Photo Credit: Hello I’m Nick
10 reasons your online store isn’t meeting your expectations.
2020 was a big year for e-commerce. Global online retail sales grew by 15.8% in 2020, fuelled at first by crisis, and then by newly formed habits that are unlikely to retrograde anytime soon.
There’s no disputing the fact that customer behaviours have changed. And it all started a year ago this month as we sat locked away in our homes, panicking over access to things that we never thought we’d have to plan for.
As our new reality sank in, many of us instinctually turned to e-commerce as a solution. “No problem. I’ll just go online,” we told each other. “Businesses are ready for this.” Sadly, we couldn’t have been more wrong.
As demand for basic necessities saw a sudden uptick, supply chains at grocery stores were pushed to their limits, delivery services admitted they didn’t have adequate staff to fulfill orders quickly enough, and despite a plethora of app-driven food delivery services out there, it was suddenly very clear that restaurants couldn’t afford to use them if their dining rooms weren’t supplementing the investment. Even Amazon struggled to keep up with their own customer promises. And for a time, there was nothing prime about being a Prime Member.
Today 49% of global consumers say they shop more online now than they did before the pandemic hit. This enormous change in behaviour left many businesses scrambling to set up or fix up their digital ecosystems in an attempt to recover losses from their primarily brick-and-mortar shops. But those that successfully shifted their operations online now face new challenges: technology investments that could take years to pay back, the realization that they don’t have the right internal resources or skills to successfully navigate digital channels and an online landscape that’s more crowded and more competitive than ever
Websites that used to be online hubs for contact information, menus and marketing content are suddenly the only reliable way to keep selling products and services through rolling lockdowns and the best way to manage a growing volume of customer service requests as shoppers acclimatize to new systems and rules. But putting up an e-commerce site is just the first step of many. Businesses who find that they’re still struggling to build the momentum that they had within a more traditional shopping environment sometimes overlook small details in the digital space that can make a huge difference. If you’re not seeing the conversions that you want, take a step back and assess whether you’ve covered off the basics.
Here are some of the things you might consider.
New customers land on your website but have never heard of your brand. In just a few short seconds, they’re going to decide whether they believe you can deliver on what you’re selling. So that first impression is pretty critical.
Consider adding testimonials and/or reviews to your home page and include social proof, pop-ups that tell your customers that someone else just purchased your product or service, to reinforce quality and demand. You can also include links to your social channels so that potential customers see other customers endorsing your product. And always ensure you’re showcasing a secured website, detailed contact information and multiple ways to get in touch to resolve customer service issues.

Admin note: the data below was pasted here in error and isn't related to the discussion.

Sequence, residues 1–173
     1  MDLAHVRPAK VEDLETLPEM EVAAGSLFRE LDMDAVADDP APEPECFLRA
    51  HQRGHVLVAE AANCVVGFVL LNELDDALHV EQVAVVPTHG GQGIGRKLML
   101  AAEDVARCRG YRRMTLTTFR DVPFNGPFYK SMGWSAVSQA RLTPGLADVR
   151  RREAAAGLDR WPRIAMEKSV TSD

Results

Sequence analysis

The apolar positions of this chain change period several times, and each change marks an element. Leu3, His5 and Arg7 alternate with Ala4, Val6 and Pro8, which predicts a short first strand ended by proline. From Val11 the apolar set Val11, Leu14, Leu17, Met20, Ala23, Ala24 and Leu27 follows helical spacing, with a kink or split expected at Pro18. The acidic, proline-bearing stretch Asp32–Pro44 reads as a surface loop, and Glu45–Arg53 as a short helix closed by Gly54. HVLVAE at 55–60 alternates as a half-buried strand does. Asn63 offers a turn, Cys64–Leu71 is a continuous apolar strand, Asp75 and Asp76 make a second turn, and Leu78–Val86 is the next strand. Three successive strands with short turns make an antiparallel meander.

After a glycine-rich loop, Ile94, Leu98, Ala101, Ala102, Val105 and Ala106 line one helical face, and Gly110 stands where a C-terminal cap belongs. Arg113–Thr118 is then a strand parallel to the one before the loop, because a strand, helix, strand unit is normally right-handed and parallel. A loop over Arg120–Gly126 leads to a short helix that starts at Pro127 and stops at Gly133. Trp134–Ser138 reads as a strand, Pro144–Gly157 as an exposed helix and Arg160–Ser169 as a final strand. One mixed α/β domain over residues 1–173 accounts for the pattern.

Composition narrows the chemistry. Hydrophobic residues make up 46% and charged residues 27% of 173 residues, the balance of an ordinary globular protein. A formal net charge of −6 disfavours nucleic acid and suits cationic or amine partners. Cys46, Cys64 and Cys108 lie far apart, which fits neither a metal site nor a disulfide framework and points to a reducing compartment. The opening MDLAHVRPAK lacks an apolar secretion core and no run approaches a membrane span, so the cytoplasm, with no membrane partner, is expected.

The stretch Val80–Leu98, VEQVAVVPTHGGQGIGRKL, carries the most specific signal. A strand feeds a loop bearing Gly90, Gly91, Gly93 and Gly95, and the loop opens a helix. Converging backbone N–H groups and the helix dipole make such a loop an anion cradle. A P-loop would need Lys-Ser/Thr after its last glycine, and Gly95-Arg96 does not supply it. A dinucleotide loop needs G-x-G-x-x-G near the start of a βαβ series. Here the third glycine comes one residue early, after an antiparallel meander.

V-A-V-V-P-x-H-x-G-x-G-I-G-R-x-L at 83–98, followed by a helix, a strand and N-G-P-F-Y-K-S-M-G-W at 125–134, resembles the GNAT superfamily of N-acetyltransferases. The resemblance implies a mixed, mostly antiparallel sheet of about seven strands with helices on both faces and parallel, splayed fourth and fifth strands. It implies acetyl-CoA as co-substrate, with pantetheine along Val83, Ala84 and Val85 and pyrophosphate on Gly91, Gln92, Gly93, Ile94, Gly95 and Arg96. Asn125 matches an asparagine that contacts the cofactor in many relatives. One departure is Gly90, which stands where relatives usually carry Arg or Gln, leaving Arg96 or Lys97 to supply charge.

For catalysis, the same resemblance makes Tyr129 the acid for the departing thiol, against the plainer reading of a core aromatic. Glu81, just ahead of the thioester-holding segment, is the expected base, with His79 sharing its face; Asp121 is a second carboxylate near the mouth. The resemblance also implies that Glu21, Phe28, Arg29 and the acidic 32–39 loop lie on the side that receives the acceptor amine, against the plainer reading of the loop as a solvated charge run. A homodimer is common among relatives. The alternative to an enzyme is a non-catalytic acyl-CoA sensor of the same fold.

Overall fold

2. Are you thinking like your customer?
The average online shopper only wants to click three times before getting to the checkout page of your website. To make those three clicks as effortless as possible, you need to understand what your customer is thinking, feeling and doing throughout that journey.
Putting yourself in your customer’s shoes will eliminate any potential roadblocks that can prevent a sale. You can achieve this by completing a customer journey mapping exercise and testing your website with real-life shoppers who can provide actionable feedback on how customers will interact with your pages.
3. Have you clearly communicated your value?
Your customers need to understand exactly why they should choose your product over those of your competitors. So, you need to communicate your value in a very clear way. Be sure to drive the key messages home in your page headlines, product descriptions and throughout any supplementary content that you use for marketing purposes (that includes, videos, blog posts and even your FAQ page).
4. Are you trying to compete with everyone? If so, stop. You’ll never win.
Going online means opening up your borders, which also means broadening your list of competitors. Not only are you competing against businesses that ship to the same locations, but you’re also competing against giants like Amazon and Walmart. Part of the challenge is determining who you believe you can beat.
And beating them doesn’t necessarily mean surpassing their sales. It might mean that you pick a few elements that you can focus on mastering – customer experience, marketing, speedy shipping – and become the best at that one piece so that you become a formidable alternative to the big machines. Use your marketing dollars to ensure your customers understand why you’re a viable alternative. Then all you have to worry about, is delivering on your promise.